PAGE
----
|Year : 1978 | Volume
| Issue : 2 | Page : 40-41
Mydriasis following squint operation under retrobulbar anaesthesia
BS Goel, Leela Ahuja
Institute of Ophthalmology, J.N. Medical College, Aligarh, India
B S Goel
Institute of Ophthalmology, J.N. Medical College, Aligarh
Source of Support: None, Conflict of Interest: None
|How to cite this article:|
Goel B S, Ahuja L. Mydriasis following squint operation under retrobulbar anaesthesia. Indian J Ophthalmol 1978;26:40-1
|How to cite this URL:|
Goel B S, Ahuja L. Mydriasis following squint operation under retrobulbar anaesthesia. Indian J Ophthalmol [serial online] 1978 [cited 2021 Apr 22];26:40-1. Available from: https://www.ijo.in/text.asp?1978/26/2/40/31475
The syndrome consisting of mydriasis, absent or inextensive light reflexes, extensive buts low constriction to true accommodation has most frequently been known following concussion of the globe. Similar phenomenon has also been described following surgery for retinal detachment, and following a corneal graft,. The present case of irreversible mydriasis and cycloplegia following squint operation performed under retrobulbar anaesthesia is being reported for the first time.
| Case Report|| |
R.K., 18 years male was first seen in squint clinic in 1974 with the complaints of constant diplopia and deviation of the eyes since childhood. On examination there was no abnormal head posture. There was an alternating divergent squint of 13°, either eye fixing, with a slight restriction of movement of either eye on adduction and overaction on abduction. Hehad a crossed horizontal diplopia with occasional vertical element, greatest separation of images being on levoversion. Both pupils were normal in size and reaction. Corrected visual acuity (RE-4 Dsph, LE-3 .5 Dsph) was 6/5 in each eye. Forced duction test performed under general anaesthesia was negative. A 6 mm recession of right lateral rectus was done under general anaesthesia in May 1975. For the residual deviation, 8 mm left lateral rectus recession was performed under xylocaine anaesthesia (retrobulbar and facial block) in June 1976. The surgical procedure and the post operative period was uneventful.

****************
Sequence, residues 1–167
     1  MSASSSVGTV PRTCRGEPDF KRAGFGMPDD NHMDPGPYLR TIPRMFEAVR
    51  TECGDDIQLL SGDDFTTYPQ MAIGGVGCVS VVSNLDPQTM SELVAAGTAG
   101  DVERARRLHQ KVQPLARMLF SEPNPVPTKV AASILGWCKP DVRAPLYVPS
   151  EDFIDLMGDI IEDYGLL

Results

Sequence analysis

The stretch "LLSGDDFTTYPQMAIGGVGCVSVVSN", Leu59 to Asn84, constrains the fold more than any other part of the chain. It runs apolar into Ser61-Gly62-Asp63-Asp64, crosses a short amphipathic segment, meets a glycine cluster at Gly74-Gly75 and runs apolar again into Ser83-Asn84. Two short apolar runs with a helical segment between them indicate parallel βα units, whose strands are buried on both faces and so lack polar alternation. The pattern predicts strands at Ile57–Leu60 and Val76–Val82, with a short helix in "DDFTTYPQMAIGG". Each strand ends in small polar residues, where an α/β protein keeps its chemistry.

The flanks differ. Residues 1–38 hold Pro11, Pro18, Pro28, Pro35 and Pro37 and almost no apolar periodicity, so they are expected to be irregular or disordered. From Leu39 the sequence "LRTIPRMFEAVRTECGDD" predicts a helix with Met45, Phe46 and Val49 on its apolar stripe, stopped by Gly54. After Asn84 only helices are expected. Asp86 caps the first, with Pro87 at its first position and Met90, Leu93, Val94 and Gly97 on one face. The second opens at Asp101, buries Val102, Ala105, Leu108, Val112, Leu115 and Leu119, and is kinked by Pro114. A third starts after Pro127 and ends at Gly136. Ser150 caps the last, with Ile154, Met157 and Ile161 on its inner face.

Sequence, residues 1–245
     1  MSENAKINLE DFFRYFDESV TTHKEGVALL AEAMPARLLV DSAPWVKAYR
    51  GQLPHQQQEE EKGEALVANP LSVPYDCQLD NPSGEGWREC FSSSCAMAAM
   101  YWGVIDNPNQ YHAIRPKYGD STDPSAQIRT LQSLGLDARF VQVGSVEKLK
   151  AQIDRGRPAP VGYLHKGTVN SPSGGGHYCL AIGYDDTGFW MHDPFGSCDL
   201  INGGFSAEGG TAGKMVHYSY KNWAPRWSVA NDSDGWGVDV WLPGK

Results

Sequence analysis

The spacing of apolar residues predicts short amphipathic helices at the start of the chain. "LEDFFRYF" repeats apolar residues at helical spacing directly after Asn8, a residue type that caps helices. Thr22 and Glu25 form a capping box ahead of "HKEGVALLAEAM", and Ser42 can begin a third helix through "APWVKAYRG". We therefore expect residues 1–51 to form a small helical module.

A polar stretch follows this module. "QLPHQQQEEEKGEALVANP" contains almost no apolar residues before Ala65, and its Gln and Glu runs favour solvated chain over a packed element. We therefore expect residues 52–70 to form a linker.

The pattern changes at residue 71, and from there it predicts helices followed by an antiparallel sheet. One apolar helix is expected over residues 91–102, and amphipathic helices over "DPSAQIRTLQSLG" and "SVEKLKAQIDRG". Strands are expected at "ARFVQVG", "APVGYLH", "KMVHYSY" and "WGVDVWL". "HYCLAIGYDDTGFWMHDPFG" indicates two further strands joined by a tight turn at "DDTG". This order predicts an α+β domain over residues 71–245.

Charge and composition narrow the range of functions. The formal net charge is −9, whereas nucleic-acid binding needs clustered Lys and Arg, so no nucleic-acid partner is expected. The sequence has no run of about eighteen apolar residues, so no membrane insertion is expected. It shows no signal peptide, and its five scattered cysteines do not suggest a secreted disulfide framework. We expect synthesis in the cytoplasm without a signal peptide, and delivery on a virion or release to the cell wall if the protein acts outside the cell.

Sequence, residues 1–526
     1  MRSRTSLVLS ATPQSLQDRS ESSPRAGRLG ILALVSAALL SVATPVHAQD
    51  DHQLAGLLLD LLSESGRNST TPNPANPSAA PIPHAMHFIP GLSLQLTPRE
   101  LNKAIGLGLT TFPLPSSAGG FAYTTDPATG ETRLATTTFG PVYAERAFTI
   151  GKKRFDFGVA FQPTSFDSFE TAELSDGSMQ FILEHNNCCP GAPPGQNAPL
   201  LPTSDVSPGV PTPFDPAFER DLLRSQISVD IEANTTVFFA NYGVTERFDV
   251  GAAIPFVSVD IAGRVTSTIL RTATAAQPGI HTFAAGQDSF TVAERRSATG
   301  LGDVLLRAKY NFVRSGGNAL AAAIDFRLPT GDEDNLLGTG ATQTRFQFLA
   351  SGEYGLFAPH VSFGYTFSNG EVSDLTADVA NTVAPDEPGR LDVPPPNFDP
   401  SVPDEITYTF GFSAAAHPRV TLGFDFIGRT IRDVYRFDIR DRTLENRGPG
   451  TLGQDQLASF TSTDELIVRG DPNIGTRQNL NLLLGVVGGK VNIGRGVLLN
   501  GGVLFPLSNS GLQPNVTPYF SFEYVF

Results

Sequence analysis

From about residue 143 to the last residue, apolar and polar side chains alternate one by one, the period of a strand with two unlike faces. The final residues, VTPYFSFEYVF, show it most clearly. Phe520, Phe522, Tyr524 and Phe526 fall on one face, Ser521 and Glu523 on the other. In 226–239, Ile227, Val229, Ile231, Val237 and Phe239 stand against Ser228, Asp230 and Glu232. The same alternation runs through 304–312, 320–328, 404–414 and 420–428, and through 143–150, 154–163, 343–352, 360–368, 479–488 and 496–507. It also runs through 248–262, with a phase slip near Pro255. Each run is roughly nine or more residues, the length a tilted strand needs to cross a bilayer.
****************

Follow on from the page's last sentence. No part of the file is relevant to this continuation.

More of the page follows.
Mydriasis in the left eye was noted during the post. operative phase. The left pupil was dilated (8 mm size) and was non reacting to direct light, accommodation, pilocarpine or eserine. Phenyl epherine 10% further dilated the pupil to 9 mm. The accommodation in the affected eye was poor as a result of which he had difficulty in reading and maintaining binocularity for near. His near vision with the left eye was J 6 which surprisingly did not improve with addition of convex lenses to his distant correction. The distant vision has been maintained at 6/5. There had been no change in the condition on subsequent examination two months later.
| Comments|| |
The present case had a congenital bilateral medical rectus paresis with no other neuromuscular deficiency or a musculo-facial anomaly. Bilateral recession of lateral recti improved the movements both clinically and as ascertained on Hess screen. The uniocular loss of accommodation, however, has caused difficulty-in reading and maintaining binocularity for near. The post-operative internal ophthalmoplegia as observed in this case is difficult to explain. Theoretically, such an event may occur following trauma to the nerves in their passage through the ocular tissues or as a result of direct damage to the iris tissue. Such a phenomenon is most unlikely following simple recession of the lateral rectus. The possibility leading to this condition could be the involvement of ciliary gang. lion as a result of direct trauma by the injection needle or the effect of a possible retrobulbar haematoma. A damage to all the 10-12 short ciliary nerves by the retrobulbar injection seems impossible. Although there was no clinical evidence of a frank retrobulbar haemorrhage, a localised haematoma in or around the ciliary ganglion might have resulted in damage to the para-sympathetic supply though sparing the sympathetic fibres. An irreversible mydriasis and loss of accommodation as seen in this case is known following simple retrobulbar anaesthesia. The cause remains a riddle. It is difficult to explain as to why he also did not improve for near vision with additional convex lenses also. On further follow up, it has been observed that the pupil size has returned to normal, pupillary reaction is restored and accommodation is normal. A full recovery ultimately was achieved in a year's time.
| Summary|| |
A case of internal ophthalmoplegia following lateral rectus recession under retrobulbar anaesthesia is reported.
It is believed that the condition developed as a result of damage to the ciliary ganglion following retrobulbar injection, which is an extremely uncommon complication.
| References|| |
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